The second problem is liquidity. Every line of credit is maxed out and no bank would touch the business with two years of negative P&Ls and no plan of action. The dealer owns $3 million in real estate with $900,000 in mortgages. To solve the cash flow dilemma, the financial guru running the company in the dealer’s absence, a real CPA by trade, committed the business to a $100,000 short-term loan as an advance on future credit card receipts.

The dealership received $100,000 in cash and must pay back $130,000 to the financier through credit card receipts. Thirty-five percent of every credit card transaction goes immediately to the lender until the balance is paid in full. When I first learned of the arrangement, I thought there’s no way this is legal, but I was wrong. Not only is it legal, it’s another $130,000 of debt for my client just to keep the floorplan source at bay.
I am telling you this story because it is an intense lesson in cash flow management and a hard dose of reality for any dealer. The American Recovery and Reinvestment Act of 2009, the President’s bailout plan for small businesses in distress, doesn’t apply to insolvent car dealers on the verge of bankruptcy. In fact, the program, which is administered by the Small Business Administration and must go through a SBA-preferred lender, won’t help any company that is financially strained. The reason is because these “preferred lenders” are banks and even with the government backing 90 percent of the loan, they are not going to take any risks, particularly in the auto industry. But in all fairness, neither would I.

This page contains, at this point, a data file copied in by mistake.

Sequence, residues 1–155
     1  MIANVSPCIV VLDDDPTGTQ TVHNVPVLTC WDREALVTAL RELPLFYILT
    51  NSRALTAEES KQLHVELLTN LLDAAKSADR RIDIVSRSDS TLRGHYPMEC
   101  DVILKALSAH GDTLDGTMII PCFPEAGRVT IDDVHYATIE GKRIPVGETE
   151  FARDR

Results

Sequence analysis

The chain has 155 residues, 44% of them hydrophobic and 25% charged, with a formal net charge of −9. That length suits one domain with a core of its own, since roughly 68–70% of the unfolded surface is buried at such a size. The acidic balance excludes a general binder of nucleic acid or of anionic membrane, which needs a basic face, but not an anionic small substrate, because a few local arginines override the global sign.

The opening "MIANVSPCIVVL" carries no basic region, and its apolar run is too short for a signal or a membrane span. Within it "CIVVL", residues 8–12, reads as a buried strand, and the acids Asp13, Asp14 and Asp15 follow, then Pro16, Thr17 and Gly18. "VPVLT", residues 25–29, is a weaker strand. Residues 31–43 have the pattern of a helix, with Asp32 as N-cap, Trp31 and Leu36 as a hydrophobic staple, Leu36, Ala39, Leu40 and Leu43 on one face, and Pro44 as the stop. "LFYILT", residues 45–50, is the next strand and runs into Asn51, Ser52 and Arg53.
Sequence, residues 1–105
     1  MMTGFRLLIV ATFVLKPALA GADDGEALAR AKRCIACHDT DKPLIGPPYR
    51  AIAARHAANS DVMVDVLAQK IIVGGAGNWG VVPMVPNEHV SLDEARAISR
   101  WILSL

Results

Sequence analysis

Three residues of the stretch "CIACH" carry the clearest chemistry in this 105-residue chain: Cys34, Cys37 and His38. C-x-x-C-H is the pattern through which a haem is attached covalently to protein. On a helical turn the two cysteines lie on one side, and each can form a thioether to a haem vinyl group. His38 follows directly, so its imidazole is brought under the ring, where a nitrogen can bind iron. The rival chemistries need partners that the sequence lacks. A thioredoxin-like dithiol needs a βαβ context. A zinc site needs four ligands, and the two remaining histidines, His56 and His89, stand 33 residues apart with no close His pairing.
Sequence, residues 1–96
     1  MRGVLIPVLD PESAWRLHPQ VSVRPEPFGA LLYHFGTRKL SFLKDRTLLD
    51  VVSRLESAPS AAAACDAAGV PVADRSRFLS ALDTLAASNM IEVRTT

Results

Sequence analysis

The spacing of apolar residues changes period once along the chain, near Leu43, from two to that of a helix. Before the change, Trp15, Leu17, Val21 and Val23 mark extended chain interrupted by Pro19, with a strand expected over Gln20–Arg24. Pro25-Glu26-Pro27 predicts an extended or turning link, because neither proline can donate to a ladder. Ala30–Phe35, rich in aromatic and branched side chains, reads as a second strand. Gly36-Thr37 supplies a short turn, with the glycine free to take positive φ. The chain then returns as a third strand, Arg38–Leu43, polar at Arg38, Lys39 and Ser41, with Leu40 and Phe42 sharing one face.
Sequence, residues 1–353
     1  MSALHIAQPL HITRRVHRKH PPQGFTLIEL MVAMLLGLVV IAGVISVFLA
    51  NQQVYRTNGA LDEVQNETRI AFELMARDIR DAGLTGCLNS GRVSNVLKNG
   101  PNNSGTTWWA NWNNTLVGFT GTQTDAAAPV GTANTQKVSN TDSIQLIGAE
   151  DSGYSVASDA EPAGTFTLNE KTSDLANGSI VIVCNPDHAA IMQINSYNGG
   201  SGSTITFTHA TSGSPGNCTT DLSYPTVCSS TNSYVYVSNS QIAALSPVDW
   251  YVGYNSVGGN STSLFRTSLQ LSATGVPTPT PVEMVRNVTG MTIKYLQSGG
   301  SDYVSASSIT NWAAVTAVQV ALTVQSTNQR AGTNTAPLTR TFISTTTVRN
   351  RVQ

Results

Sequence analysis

The business problems our client is facing are all self-induced. They would have been easy to correct months ago, but every day compounds the magnitude of a bad situation. The harshness of reality is that no matter what personal problems you may face, when you are a business owner, there are no excuses. It is your responsibility to manage your business, regardless of what else is going on in your life.

BHPH dealers have one luxury that non-BHPH dealers don’t; when business gets slow and cash gets tight, they can collect their way to solvency. Believe me, I thank God every day for having 300 paying clients. But, let me caution you—no, let me warn you as loudly as I possibly can—don’t be lulled into complacency with the comfort of your payment stream! Anytime you spend the revenue from your BHPH collections to pay bills for the car dealership, you are only prolonging a serious problem that will eventually put you out of business.

Bankers understand all businesses encounter problems. Yes, they hate risk and want more collateral than should be necessary, but most importantly, they want to believe that the person at the helm has a grip on things. Pay attention to every detail of your business and take nothing for granted, and when you encounter problems, you must be proactive with solutions. So, if you’ve got to go to the bank for help, they have to believe that you are the solution, not part of the problem.

Vol. 6, Issue 12